Recently I hired an amiable local kid to help me move some boxes, explaining that my husband was in Saudi Arabia. My teen helper’s brow puckered for a moment before he inquired, “Is that near Fresno?”
At some point, it seems that geography ceased to be taught in the U.S.
When Olof and I were relocated to Scandinavia for two years in 2005 by his company, I stopped by a La Jolla shipping office and queried the sweet young thing at the counter about shipping rates to Sweden.
“Is that like a country?” she asked.
“Yes,” I said, “it’s very much like a country.”
There must have been a least some minimal geography instruction at one point as my older son remembers being taught the mnemonic Not So Fast at Bird Rock Elementary to help remember the order of Norway, Sweden and Finland on a map.
By pure luck, my younger son was blessed with two years of concentrated geography courtesy of a third and fourth grade teacher who began each day with a student giving a presentation, with maps, of a city, country, or region of their choosing anywhere in the world. By his second year, Henri, then nine, wanted to come up with something really different.
“How about Abu Dhabi?” I said, since Olof had just been there.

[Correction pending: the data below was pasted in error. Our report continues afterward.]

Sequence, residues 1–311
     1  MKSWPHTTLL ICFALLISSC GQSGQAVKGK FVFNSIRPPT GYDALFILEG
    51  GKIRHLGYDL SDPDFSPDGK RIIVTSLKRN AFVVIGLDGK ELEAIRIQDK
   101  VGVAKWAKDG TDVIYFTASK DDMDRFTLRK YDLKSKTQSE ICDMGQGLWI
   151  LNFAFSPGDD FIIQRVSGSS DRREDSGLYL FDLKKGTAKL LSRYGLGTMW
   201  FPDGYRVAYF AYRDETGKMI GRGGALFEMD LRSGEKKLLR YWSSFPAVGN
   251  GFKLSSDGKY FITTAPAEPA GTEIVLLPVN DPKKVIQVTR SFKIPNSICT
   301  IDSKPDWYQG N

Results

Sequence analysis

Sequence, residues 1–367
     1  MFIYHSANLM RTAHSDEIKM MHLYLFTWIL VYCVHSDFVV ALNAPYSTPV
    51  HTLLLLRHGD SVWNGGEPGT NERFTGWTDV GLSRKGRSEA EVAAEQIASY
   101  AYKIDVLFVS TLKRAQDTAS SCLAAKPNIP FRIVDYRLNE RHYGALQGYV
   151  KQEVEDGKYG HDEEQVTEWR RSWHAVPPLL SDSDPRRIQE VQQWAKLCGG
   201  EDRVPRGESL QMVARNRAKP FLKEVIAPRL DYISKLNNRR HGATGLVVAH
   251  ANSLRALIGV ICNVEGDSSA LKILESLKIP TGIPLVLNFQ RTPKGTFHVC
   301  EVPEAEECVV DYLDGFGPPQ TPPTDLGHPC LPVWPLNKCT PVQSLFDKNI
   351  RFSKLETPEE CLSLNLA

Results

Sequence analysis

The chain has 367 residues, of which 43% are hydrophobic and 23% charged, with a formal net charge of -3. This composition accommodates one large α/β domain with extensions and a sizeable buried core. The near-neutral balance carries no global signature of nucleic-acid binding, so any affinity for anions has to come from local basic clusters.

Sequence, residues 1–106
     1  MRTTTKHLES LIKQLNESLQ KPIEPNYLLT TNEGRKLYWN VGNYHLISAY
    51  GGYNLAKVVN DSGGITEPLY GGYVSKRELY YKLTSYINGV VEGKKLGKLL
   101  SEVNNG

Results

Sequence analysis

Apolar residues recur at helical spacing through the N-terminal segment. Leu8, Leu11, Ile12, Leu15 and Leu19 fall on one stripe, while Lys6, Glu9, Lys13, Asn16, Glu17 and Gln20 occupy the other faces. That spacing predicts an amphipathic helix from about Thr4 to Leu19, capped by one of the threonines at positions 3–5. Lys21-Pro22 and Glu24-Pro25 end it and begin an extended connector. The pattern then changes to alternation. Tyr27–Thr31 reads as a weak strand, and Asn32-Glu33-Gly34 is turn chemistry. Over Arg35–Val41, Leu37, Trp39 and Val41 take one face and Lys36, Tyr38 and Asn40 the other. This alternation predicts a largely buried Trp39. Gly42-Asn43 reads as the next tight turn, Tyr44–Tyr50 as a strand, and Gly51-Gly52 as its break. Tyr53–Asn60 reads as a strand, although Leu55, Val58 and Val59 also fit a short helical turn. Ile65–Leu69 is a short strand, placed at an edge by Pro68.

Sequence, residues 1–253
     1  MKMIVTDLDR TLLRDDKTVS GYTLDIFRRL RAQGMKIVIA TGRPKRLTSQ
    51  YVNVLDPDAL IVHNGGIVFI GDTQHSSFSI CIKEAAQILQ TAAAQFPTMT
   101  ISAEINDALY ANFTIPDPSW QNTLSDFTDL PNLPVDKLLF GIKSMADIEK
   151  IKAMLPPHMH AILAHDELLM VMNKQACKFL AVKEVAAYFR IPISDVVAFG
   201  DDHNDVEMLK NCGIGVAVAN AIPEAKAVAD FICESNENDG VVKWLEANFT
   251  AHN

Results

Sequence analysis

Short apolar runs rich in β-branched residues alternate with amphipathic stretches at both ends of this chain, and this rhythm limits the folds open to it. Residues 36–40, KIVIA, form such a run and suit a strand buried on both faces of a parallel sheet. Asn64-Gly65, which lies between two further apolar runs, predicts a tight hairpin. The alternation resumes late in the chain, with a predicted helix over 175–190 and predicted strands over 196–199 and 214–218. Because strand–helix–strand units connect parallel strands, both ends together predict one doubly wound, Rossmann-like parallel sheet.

“Mom,” said Henri with barely disguised annoyance, “Abu Dhabi has been done THREE TIMES.”
Inspired by this teacher, I had acquired a Map of the World shower curtain for the kids’ bathroom. They might never look at a globe but they had to take a bath.
Several years later, Henri and I were watching a quiz show and the clue was “island nation in the Indian Ocean beginning with “M”. Mom had to ponder that, but without missing a beat, Henri said, “Madagascar, Mauritius, or Maldives.”
“You actually remember that from fourth grade?” I said.
“No,” he said, “I remember that from yesterday from the shower curtain.”
We are now on at least the 10th
successor of that first one. As an atlas, it tends to run at least a few years behind, but the manufacturer has gradually updated it: Bombay has morphed into Mumbai, and all the “stans” are duly indicated. We have long embraced Geography Through Shower Curtains.
At one point, a decorator grumbled that the curtain was unforgivably tacky and why had I bothered to remodel the bathroom if I were going to keep it?
We’re keeping it because at my British nephew’s wedding to a young lady from Tucson, the groom’s exasperated uncle ditched his prepared toast for a lecture on “Where is England?” to a bewildered-looking group of the bride’s guests.
We’re keeping it because when I went to a last-minute medical appointment before leaving for Sweden, the physician’s assistant departed the room with a cheery, “Well, enjoy the Alps!”
We’re keeping it because a younger friend asked me to bring her back a box of those great chocolates. Even when I suggested she might be confusing Sweden with Switzerland, it was followed by a look of, “There’s a difference?” And then: “So you’ll bring the chocolates?”
But getting back to the kid who asked about Arabia’s proximity to Fresno:
“Actually,” I said, “it’s closer to Omaha.”
Look for La Jolla resident Inga’s lighthearted looks at life every other week in The La Jolla Light.
Reach her at firstname.lastname@example.org